A trip through the Egyptian Sahara

Egypt is obviously well known for its ancient remains and monuments. What is less well known is that it is the best site for fossils in Africa. What’s more, the Egyptian desert is full of huge fossils, Pharoanic ruins and other ancient remains, and all open to exploration, provided you have a decent 4×4.

            With this in mind, during the ten years I lived in Cairo, friends and I were always coming up with new locations to explore from our homes in Maadi. Recently I bought an old 1902 report describing an expedition to the  desert where the explorers excavated fossils from an early mammal called Arsinoitherium. This huge creature lived in the desert when it was still grassland. The expedition went out and found it’s objective. The site was forgotten, and is still there, out in the open wilderness, giant fossils and all. A fossil of one of the first large mammals is quite something to have on your bookcase, so we gang of expat Defender owners decided to head out and find some.

Darrell’s 110 picking a way through broken country

            With that in mind we gathered together four desert-equipped Defenders for a four day journey deep into the Egyptian Sahara. Two Tdi 110s sat alongside a third 110 with a 2.8 Powerstroke engine, and rounding out the quartet was a v8 90. We all lived in the same surburb of  Cairo, so we met one morning at our workshop for final packing and then headed out on the tarmac road that winds past the Pyramids to a point about fifty miles out from town, where we dropped off tarmac and into the huge mass of sand that forms the biggest desert on Earth. No roads for four days. Bliss!

            Standard procedure here is to air down the tyres. Three of the wagons were running big Cooper Discoverer 285s, for flotation in the sand that is often too soft to walk upon, all at about 38psi. However for desert use we aired down to about 18psi, generally using Staun deflaters for the job. However I was trying out a set of Trailhead deflaters on this trip and they too seemed very good. I’ve found that after a while the brass of the Stauns gets worn and a bit loose so it’s good to explore alternatives.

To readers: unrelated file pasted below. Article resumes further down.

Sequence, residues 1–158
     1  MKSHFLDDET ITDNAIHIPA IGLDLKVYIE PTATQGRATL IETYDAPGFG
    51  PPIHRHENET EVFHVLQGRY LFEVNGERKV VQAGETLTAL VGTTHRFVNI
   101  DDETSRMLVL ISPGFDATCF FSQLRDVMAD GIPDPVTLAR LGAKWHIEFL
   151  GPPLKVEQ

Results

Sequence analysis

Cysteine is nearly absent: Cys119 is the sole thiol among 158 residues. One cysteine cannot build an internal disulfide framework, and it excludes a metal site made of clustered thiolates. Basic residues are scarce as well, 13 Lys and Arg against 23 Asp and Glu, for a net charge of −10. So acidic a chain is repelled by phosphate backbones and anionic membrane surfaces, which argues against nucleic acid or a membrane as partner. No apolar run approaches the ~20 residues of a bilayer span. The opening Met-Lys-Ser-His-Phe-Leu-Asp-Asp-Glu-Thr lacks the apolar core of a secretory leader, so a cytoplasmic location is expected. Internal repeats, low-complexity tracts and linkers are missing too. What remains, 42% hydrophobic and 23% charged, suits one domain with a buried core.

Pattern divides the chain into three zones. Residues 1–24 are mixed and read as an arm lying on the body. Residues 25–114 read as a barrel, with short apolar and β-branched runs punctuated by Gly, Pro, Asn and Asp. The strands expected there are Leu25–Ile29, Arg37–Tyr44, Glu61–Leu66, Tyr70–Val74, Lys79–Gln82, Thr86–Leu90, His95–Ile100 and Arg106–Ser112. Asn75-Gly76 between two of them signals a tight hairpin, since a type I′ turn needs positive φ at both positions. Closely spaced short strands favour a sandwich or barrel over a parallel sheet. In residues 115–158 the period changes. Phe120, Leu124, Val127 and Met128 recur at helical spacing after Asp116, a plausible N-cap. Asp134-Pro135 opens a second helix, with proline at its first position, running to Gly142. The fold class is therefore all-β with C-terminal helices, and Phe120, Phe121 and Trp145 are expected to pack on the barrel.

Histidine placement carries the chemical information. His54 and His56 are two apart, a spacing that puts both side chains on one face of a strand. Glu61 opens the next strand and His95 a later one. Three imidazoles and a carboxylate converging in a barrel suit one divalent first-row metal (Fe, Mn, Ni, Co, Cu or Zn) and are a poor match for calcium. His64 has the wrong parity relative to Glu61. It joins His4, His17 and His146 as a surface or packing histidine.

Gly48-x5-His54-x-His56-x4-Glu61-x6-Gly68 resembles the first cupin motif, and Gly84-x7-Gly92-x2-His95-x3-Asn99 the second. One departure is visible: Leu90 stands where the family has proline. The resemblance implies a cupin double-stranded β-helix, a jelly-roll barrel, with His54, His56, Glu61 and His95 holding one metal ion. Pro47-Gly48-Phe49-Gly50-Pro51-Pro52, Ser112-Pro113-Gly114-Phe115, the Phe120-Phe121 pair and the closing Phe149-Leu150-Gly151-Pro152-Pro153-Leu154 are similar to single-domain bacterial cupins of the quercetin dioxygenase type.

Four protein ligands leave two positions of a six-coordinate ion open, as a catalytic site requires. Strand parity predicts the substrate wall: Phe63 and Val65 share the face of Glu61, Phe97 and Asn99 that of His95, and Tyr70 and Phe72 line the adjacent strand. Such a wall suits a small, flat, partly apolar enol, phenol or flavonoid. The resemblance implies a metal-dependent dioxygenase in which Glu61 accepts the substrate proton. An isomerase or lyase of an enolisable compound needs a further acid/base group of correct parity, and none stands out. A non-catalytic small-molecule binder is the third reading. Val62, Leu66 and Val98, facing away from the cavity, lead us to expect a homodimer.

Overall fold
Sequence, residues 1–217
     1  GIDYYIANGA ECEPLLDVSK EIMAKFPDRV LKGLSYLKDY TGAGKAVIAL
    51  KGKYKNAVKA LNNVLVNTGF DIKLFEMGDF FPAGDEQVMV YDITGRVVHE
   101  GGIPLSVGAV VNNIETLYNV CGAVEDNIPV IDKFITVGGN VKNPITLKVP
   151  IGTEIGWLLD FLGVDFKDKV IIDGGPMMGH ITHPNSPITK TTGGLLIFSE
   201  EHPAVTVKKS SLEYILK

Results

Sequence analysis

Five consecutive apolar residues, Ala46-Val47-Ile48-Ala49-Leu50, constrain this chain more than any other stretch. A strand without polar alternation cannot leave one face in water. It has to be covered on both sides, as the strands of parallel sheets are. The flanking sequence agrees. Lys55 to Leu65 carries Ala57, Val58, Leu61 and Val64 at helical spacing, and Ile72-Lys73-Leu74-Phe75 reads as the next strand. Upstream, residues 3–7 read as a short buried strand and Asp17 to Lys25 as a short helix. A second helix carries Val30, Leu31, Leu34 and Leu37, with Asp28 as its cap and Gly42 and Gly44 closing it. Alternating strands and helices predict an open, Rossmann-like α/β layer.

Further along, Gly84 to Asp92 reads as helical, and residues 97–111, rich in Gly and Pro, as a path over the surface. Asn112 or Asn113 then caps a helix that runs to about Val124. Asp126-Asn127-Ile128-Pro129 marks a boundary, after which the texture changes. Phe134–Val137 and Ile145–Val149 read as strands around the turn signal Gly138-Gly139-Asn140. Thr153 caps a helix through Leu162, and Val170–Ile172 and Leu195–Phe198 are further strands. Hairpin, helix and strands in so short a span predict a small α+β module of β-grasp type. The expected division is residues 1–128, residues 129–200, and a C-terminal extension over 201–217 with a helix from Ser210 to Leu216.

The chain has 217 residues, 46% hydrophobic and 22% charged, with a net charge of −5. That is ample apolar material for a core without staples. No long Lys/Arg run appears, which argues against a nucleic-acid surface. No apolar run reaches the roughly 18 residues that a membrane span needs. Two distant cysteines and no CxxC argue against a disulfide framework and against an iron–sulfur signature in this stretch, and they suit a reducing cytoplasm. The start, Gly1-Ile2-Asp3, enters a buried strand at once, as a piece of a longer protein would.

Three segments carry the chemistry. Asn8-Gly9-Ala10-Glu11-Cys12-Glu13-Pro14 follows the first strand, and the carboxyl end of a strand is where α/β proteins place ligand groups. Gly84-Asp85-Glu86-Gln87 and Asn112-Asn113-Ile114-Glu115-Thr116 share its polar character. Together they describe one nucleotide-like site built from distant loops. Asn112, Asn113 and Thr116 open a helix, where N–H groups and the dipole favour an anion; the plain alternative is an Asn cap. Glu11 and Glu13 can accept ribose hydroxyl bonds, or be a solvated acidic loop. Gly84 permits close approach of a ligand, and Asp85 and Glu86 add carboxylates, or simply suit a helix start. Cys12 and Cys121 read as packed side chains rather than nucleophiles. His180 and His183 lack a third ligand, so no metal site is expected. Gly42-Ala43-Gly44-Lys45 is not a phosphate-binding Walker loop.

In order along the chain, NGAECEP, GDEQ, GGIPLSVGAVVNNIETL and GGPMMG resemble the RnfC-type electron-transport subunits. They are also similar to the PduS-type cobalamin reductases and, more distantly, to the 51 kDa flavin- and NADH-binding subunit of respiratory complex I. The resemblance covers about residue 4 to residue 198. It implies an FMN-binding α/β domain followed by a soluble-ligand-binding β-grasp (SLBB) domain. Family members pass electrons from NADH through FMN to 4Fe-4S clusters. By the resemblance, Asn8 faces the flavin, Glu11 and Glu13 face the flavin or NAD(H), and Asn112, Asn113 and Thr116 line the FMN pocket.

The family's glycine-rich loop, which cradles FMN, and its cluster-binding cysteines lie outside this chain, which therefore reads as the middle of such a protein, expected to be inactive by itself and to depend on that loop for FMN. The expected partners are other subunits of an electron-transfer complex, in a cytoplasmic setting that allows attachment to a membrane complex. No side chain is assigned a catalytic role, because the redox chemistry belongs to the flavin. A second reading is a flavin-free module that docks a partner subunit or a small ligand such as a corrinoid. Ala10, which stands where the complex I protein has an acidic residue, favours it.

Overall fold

Airing down with a Trailhead deflater

            Having aired down to enable the tyres to sag outwards and pretty much double the area in contact with the sand (and so halve the ground pressure of the Land Rovers) we saddled up and rolled on. First obstacle was the flank of Gebel Qatrani, a large whaleback of a mountain whose thousand-foot southern slope is split into three large steps. Riddled with fossil remains itself, this had been a campground and site for many a desert trip ever since I first came to Egypt to live in 2001. We had our preferred route down (a result of many, many exploratory trips!), and so the four Defenders rumbled down the thousand-foot mixed sand and rock descent uneventfully before heading into the Fayoum Oasis region. This is a large area of mixed greenery and desert around a huge central lake which we avoided as it is ringed by patches of quicksand that have snared several desert travellers in the past.